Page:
The authors conducted an evaluation of the 24 Health Care Innovation Award recipients funded under the Community Resource Planning, Prevention, and Monitoring Models initiative between 2014 and 2017.18, 19 The Centers for Medicare and Medicaid Services awarded grants under this program to support implementation of community-based programs designed to enhance the quality of healthcare, improve health outcomes, and reduce the cost of providing care to Medicare, Medicaid, and Children’s Health Insurance Program beneficiaries.
Awardees represented a variety of organizational types, including hospitals, community health centers, specialty care providers, universities, nonprofits, health plans, and health technology firms. Programs varied and included healthcare transformation through health IT and care coordination, information exchange, care delivery, and health promotion and education. The term patient navigator applies to the roles the awardees assigned or created to assist patients in overcoming barriers to care, particularly for complex cases. This analysis examines the six awardees that developed interventions involving health IT and navigators.20, 21 The awardees in this subset and their organizational types are listed in Table 1.
The authors collected and analyzed program data over the course of three years. Documentary data provided by the awardees consisted of progress reports that the awardees prepared quarterly. The reports included updates on implementation activities and the results of the awardees’ internal evaluation processes. To supplement this reporting and obtain perspectives from awardees, the authors conducted site visits and telephone interviews. These interviews were conducted with various members of the awardee teams, including administrators, patient navigators, and providers. The research team developed semistructured interview guides tailored to each role to more fully understand program design, implementation progress, partnerships, organizational resources and capacity, workforce development, and lessons learned.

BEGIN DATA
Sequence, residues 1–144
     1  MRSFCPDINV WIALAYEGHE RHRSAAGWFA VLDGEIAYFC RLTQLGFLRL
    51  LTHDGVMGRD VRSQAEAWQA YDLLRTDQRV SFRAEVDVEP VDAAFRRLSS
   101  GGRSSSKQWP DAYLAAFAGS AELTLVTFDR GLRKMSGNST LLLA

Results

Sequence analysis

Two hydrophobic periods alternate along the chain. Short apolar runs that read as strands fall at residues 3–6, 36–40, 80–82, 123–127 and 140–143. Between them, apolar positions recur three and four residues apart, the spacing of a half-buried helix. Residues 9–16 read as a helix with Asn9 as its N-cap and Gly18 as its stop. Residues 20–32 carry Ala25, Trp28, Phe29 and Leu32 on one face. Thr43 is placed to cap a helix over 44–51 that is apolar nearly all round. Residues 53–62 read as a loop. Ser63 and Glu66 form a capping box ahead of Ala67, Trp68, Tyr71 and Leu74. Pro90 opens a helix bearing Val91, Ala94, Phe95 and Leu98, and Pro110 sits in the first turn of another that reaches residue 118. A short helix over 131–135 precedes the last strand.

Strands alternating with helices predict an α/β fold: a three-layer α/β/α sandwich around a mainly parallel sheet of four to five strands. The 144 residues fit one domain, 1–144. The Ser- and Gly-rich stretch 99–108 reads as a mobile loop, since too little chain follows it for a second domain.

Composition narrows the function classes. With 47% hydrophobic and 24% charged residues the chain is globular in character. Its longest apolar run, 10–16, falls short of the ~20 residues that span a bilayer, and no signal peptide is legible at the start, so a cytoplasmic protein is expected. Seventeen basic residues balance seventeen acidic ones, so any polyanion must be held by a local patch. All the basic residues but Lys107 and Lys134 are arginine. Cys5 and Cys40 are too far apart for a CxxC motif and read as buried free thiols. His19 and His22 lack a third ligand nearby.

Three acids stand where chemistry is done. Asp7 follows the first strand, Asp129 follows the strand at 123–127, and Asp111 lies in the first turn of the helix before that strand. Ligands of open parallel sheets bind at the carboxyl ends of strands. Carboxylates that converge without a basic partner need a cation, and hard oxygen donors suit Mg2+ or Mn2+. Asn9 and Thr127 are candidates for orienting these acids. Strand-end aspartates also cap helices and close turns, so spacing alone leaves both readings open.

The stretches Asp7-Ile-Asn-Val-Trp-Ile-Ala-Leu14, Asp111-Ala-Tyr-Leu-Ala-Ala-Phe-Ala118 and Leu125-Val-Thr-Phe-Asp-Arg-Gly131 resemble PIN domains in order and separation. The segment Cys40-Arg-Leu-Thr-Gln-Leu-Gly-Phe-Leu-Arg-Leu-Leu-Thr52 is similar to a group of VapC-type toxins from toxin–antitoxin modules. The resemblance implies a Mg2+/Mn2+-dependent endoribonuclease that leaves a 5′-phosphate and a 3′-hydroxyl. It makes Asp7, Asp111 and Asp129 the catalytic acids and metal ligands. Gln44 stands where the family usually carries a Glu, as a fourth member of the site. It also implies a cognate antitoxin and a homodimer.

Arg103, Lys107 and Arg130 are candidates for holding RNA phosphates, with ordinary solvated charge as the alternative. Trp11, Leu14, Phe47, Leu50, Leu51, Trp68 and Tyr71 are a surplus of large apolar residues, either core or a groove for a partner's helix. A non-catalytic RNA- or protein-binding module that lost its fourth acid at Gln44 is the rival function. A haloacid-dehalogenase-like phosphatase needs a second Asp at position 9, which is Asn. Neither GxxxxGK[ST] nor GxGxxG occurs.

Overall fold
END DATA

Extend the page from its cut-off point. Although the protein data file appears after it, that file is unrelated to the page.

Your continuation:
Using an inductive analytic approach to elicit themes from the collected data, the research team independently reviewed a sample of the data and identified preliminary themes to develop a codebook. Using QSR International’s NVivo qualitative analysis software (version 11.0), we then used the preliminary themes in a second round of independent coding. Ambiguous passages were flagged and discussed within the group or adjudicated by a third reader to refine the codebook. To ensure consistency in coding, approximately 40 percent of the qualitative text was double-coded and then adjudicated by a third reader. Coders achieved a final kappa of 0.8, suggesting excellent interrater reliability.22
The educational backgrounds and roles of the patient navigators varied across awardees, with subsequent variation in responsibilities. The navigators included nurse navigators, community health workers, peer health mentors, and community lay workers trained by the awardee. The role of the navigators influenced how their use of technology, their workflow, their system access, and the integration of their role with the rest of the team and other systems. These and other concepts that influence how navigators interact with technology are illustrated in Figure 1.
Uses of Technology